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OK - went to HD and no 'popcorn' removal tool at that store but a DIY popcorn repair kit was sitting on the shelf.

Picked up the 12" roller. handle and pan (~$15 for the three) and have to say that painting a 12x16 foot bedroom ceiling seemed to take less then half the amount of time of the usual 9" roller. There is one downfall with that bigger roller - it weighs a bunch more full of paint and it about whooped me out of commission for an hour after. It did a nice job with a single coat instead of the usual two.  Talking with a pro when I was picking it out - he tried to talk me into an 18" and a different type of much heavier handle. I can only visualize this OF lying on my back, huffing and puffing after swinging that thing!!!

Back to the 9" roller tomorrow and the walls (except the DW 'isn't sure' about the color - @#$%)




-- Edited by Dave W on Thursday 12th of March 2015 08:44:45 PM

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Dave W (Irelands Child/IC2)

Quando omni flunkus, moritati (When all else fails, play dead - R Green)



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Dave W wrote:

Back to the 9" roller tomorrow and the walls (except the DW 'isn't sure' about the color - @#$%)




-- Edited by Dave W on Thursday 12th of March 2015 08:44:45 PM


 Oh yeah - that again statement above came true and again bit any 'schedule' I had in my puny mind in the posterior of my creaky body.

The little lady went out and bought a can of pure white to try to cut the color down from blinding 'lavender' to something more muteddisbeliefconfuseevileye



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Dave W (Irelands Child/IC2)

Quando omni flunkus, moritati (When all else fails, play dead - R Green)

CHS


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Dave W wrote:

Now I'm curious about that tool and since I'm about to go to HD for a 12" roller for ceilings, will take a look. What I had then was a 1982 built house and hopefully asbestos had already been removed (1972 was the supposed removal date).



 Dave, The guy at the testing facility told me it was 1984 and on for sure. 70's and to that point, some were following the "rules" and some didn't care so it's a mixed bag up until then.  Got 3 areas left to paint and then done.  Had to put in a new water heater in yesterday..........mama don't like cold showers! It was 17 years old so can't complain too loud.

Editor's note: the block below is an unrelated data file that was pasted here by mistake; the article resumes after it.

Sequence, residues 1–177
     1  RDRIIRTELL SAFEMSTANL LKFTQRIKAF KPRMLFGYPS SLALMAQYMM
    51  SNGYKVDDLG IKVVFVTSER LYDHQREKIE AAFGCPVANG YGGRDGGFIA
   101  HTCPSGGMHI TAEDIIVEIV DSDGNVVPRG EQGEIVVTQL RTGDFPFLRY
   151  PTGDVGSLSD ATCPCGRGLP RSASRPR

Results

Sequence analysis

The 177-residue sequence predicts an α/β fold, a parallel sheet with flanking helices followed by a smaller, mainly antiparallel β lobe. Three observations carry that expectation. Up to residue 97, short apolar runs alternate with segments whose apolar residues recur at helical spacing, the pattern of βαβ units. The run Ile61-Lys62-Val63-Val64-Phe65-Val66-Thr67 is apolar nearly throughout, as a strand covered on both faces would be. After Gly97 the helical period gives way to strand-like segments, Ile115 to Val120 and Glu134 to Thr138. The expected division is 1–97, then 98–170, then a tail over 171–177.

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CHS wrote:
Dave W wrote:

Now I'm curious about that tool and since I'm about to go to HD for a 12" roller for ceilings, will take a look. What I had then was a 1982 built house and hopefully asbestos had already been removed (1972 was the supposed removal date).



 Dave, The guy at the testing facility told me it was 1984 and on for sure. 70's and to that point, some were following the "rules" and some didn't care so it's a mixed bag up until then.  Got 3 areas left to paint and then done.  Had to put in a new water heater in yesterday..........mama don't like cold showers! It was 17 years old so can't complain too loud.


 Just because I could, looked up the banning of asbestos - and yes there was a law, 1989 but in part was overturned and there is still some being used today though I didn't dig far enough to see what. I actually worked with it some 50 years ago while casting very large bearings for steam turbines. The job 'leader' ended up dying from mesothelioma a few years after I went on to better things (got my degreebiggrin). Then the wife's ex was a submariner and also died of that disease about 5 years ago.

Nasty stuff - just happy I got out of any contact when I did

This is a bunch of info if you want to look further: http://en.wikipedia.org/wiki/Asbestos

As far as my painting - gettin' there, slow but sure after some delays ...........



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Dave W (Irelands Child/IC2)

Quando omni flunkus, moritati (When all else fails, play dead - R Green)